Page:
0
 
LVL 5

Expert Comment

by:ORACLEtune
ID: 7101116
i see,

here's an ORA_FFI A Worked Example DLL-> Trigger example.


1.  The C Code that is the DLL function:
----------------------------------------

#include <string.h>
#include <windows.h>



//Simple C function that just puts something in a string
// and returns the length of that string both as the RC and as a param
// Keeping the C interface as simple as possible.
// The function is exported from the DLL
// You can use the Visual C utility DUMPBIN to check that the
// Function is correctly exported.

__declspec( dllexport ) int PopulateString ( char *FormsBuffer, int *BuffLen)
{
        int LocalLength;
        strcpy(FormsBuffer,"A Fixed string from within the C program");
        *BuffLen    = strlen(FormsBuffer);
        LocalLength = strlen(FormsBuffer);
        return LocalLength;
}


2.  The package Header for the FFI code:
----------------------------------------

PACKAGE FFISample IS
/* So this is the Pubic Interface */
FUNCTION PopulateString ( PopulateString IN OUT VARCHAR2,
                          BuffLen IN OUT PLS_INTEGER)    
                          RETURN PLS_INTEGER;
END FFISample;


3.  The package Body for the FFI code:
--------------------------------------

PACKAGE BODY FFISample IS

 -- Define the various Handles
        lh_ffisamp              ora_ffi.libHandleType;
        fh_PopulateString       ora_ffi.funcHandleType;

 -- Define internal versions of the functions

    /* The interface function, note how the C Pointers map to
       IN OUT variables! */
    FUNCTION i_PopulateString ( funcHandle      IN ora_ffi.funcHandleType,
                                PopulateString  IN OUT VARCHAR2,
                                BuffLen         IN OUT PLS_INTEGER)
                                RETURN PLS_INTEGER;
 -- interface the internal function to the C call interface
    PRAGMA INTERFACE(C,i_PopulateString,11265);

 -- Body of the Externalised function
    FUNCTION PopulateString (   PopulateString  IN OUT VARCHAR2,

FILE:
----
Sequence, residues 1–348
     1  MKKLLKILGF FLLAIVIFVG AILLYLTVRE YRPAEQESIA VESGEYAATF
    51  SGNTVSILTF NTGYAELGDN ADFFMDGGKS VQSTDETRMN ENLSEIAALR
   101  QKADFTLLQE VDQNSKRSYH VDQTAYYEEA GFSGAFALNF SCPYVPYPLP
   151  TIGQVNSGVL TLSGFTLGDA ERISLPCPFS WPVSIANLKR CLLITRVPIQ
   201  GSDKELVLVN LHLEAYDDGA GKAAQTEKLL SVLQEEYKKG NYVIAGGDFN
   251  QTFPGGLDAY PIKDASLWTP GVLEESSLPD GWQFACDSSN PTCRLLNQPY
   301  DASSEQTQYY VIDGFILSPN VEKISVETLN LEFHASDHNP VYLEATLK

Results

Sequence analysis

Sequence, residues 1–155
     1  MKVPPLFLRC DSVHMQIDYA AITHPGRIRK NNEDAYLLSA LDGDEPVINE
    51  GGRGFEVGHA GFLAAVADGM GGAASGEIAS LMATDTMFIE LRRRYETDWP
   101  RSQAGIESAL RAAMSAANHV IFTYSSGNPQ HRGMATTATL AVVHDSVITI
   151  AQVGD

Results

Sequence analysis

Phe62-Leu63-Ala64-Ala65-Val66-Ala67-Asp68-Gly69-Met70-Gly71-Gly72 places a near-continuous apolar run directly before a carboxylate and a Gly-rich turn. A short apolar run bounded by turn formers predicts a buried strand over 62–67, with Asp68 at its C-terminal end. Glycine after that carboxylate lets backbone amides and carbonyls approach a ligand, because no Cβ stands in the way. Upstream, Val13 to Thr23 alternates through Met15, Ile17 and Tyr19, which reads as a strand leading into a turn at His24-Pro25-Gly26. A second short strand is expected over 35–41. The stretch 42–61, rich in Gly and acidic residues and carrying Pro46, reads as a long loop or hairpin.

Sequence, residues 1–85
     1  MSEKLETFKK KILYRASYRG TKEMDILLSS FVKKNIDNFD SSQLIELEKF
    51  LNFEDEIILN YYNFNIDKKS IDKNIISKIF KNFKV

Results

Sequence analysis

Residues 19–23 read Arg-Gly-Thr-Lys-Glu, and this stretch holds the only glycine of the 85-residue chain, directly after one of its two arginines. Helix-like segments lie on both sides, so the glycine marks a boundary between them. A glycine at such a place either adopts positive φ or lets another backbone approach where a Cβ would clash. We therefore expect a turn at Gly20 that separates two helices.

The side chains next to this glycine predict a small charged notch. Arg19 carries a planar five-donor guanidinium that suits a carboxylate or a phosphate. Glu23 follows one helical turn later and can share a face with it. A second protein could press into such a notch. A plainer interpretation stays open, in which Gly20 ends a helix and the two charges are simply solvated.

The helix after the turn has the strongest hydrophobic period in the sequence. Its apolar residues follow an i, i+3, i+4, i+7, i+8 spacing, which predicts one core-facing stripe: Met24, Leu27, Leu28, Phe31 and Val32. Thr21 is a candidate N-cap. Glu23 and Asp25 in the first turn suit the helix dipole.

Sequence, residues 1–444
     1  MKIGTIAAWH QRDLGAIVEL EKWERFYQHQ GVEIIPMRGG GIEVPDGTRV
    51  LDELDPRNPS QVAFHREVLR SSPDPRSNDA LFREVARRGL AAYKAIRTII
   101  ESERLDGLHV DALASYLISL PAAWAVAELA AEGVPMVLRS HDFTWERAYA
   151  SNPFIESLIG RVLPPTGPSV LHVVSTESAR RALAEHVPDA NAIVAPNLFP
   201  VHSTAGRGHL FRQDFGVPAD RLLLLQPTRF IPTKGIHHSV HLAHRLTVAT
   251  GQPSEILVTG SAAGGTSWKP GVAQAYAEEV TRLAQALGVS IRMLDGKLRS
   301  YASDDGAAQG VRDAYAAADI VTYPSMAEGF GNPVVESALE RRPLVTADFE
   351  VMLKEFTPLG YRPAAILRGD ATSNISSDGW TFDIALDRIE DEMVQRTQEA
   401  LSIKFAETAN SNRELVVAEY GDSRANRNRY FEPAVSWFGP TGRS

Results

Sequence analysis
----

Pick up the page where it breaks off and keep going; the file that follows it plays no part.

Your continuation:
BuffLen         IN OUT PLS_INTEGER)
                                RETURN PLS_INTEGER IS
    -- declare the buffer padded to the max possible length of the string
    -- This is an In Out var so PopulateString may already have some
    --  content
        /* This RPAD ensures that the VARCHAR string occupies
           contiguous memory */
        PopulateString_l        VARCHAR2(255)  :=  
RPAD(SUBSTR(NVL(PopulateString,' '),1,255),255,CHR(0));

    -- internal buffer for the Int no padding required here.
        BuffLen_l               PLS_INTEGER := BuffLen;
        rc                      PLS_INTEGER;
   BEGIN
     -- Call the internal version of the function with the local buffers
     rc  := i_PopulateString( fh_PopulateString, PopulateString_l, BuffLen_l);

     -- Reset the Real variables with the contents of the buffer
     PopulateString := PopulateString_l;
     BuffLen := BuffLen_l;

   RETURN (rc);
   END ;

-- Package Body Block, handles loading the DLL into memory and registering the
Functions
BEGIN
     BEGIN
        -- Try and fin the DLL already loaded
        lh_ffisamp := ora_ffi.find_library('ffisamp.dll');
     EXCEPTION WHEN ora_ffi.FFI_ERROR THEN
        -- Ok not found lets load it
        -- The null argument for the LOAD library is the DLL location so if
        -- the DLL was not in
        -- the working DIR or not in the PATH soemwhere we might want to
        -- put something in here.
        lh_ffisamp := ora_ffi.load_library(NULL,'ffisamp.dll');
     END ;
     
     -- Now register the PopulateString
     fh_PopulateString :=  ora_ffi.register_function(lh_ffisamp,
                           'PopulateString',ora_ffi.C_STD);
     ora_ffi.register_parameter(fh_PopulateString,ORA_FFI.C_CHAR_PTR);
     ora_ffi.register_parameter(fh_PopulateString,ORA_FFI.C_INT_PTR);
     ora_ffi.register_return(fh_PopulateString,ORA_FFI.C_INT);